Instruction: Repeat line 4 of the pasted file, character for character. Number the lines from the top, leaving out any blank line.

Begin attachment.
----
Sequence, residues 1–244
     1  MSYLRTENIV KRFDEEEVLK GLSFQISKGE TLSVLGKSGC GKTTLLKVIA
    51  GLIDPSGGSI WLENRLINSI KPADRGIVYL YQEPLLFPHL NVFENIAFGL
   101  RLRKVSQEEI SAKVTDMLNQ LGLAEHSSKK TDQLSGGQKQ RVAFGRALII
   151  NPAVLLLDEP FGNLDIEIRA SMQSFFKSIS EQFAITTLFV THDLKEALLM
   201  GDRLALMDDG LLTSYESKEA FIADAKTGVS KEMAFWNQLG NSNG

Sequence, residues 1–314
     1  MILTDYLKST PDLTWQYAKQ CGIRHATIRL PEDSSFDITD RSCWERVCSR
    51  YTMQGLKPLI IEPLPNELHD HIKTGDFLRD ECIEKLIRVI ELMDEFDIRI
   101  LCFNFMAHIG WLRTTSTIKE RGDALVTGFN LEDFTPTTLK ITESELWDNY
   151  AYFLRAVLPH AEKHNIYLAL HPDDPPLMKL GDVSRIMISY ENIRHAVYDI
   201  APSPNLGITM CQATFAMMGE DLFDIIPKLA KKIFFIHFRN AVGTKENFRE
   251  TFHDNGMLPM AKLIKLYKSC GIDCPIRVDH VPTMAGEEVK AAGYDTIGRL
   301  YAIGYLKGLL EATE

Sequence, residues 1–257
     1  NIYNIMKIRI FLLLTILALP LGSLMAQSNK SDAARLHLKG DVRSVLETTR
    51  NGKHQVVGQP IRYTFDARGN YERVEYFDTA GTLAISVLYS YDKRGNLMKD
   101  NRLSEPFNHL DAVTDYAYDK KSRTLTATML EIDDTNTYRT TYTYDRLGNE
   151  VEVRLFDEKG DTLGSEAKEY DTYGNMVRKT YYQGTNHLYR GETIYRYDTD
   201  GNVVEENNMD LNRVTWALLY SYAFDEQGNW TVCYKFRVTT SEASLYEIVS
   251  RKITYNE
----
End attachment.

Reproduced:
   101  RLRKVSQEEI SAKVTDMLNQ LGLAEHSSKK TDQLSGGQKQ RVAFGRALII